These distinct ways of knowing create an epistemic gulf that is most often perceived to exist between the experimental laboratory-based “hard” sciences (e.g., high-energy physics, molecular biology, chemistry) and the “soft” sciences (e.g., qualitative sociology, anthropology), which are concerned with naturalistic inquiry. Differences are observable among subspecialties, however; consider the distinctions between clinical and counselling psychology, or quantitative and qualitative sociology. Historically, these differences reference modernist or constructivist perspectives, influenced by later developments in feminist, critical, or cultural theory. Further distinctions are evident within expert systems in the experimental laboratory-based sciences as well, such as between high-energy physics and molecular biology (Knorr Cetina, 1999).

Guba and Lincoln (1994), in their comprehensive comparison of positivist and naturalistic inquiry, suggest that the differences in paradigms that create the gulf between expert systems depend on conflicting sets of assumptions. One assumption concerns ontology, or what is understood as “reality,” and what can be known about it. Are only measurable phenomena “knowable,” for example? Yet another assumption concerns epistemology, or the relationship between the knower and what is to be known. This assumption indexes the objective or subjective understanding of “reality,” where knowledge is understood to be either value-free, bounded, and distinct from the observer (objective) or deeply contextualized, multilevelled, nuanced, and influenced by the observer (subjective). Highly dependent upon assumptions of ontology and epistemology is methodology, or what will reveal what can be known to us (Guba & Lincoln, 1994); that is, how can we “capture” data? Accordingly, to understand how we know what we know in any area of knowledge is to understand these assumptions that are drawn from the paradigms, associated practices, and symbolic structures that create and warrant that knowledge.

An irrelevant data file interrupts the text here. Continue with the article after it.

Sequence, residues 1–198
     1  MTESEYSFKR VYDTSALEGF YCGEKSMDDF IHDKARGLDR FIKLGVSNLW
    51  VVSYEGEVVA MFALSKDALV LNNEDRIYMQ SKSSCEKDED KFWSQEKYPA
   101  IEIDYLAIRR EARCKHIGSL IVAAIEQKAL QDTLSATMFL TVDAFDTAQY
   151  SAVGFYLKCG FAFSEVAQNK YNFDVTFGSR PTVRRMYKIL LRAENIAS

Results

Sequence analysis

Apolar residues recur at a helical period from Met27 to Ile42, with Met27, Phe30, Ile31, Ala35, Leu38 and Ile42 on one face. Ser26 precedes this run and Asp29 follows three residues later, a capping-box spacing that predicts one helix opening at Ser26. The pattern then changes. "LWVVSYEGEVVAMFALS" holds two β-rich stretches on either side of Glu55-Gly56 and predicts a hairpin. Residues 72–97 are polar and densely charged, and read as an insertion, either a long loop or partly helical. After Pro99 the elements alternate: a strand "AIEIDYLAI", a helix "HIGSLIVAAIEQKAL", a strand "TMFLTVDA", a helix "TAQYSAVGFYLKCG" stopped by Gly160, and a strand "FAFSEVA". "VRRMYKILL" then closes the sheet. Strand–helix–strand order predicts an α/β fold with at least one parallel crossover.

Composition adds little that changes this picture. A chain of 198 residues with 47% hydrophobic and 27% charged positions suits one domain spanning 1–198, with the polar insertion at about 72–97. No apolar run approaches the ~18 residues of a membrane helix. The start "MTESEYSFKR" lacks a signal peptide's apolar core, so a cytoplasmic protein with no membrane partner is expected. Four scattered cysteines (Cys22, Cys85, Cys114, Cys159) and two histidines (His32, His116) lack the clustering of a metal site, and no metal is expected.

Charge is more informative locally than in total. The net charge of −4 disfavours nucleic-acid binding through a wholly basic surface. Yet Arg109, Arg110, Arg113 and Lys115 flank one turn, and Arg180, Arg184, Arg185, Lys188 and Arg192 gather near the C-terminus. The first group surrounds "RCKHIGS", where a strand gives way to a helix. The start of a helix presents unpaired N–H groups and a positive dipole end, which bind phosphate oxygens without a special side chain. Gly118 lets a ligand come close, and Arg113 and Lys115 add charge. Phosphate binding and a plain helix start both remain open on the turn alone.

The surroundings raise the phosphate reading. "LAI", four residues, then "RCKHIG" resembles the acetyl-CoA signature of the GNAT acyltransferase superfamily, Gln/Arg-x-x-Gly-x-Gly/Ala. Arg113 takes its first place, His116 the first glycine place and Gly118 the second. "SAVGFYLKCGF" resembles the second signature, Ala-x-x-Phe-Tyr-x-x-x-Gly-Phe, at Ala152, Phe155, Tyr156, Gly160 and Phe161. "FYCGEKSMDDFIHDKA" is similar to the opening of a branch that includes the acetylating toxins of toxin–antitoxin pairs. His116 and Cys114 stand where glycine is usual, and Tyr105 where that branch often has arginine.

With reference to gambling research, our question becomes, how do we know what we know about the phenomenon of gambling? Can we make explicit the assumptions and ways of knowing that have led gambling researchers in the direction they are taking at present? What does this reflective understanding presage about future developments in our understanding of gambling?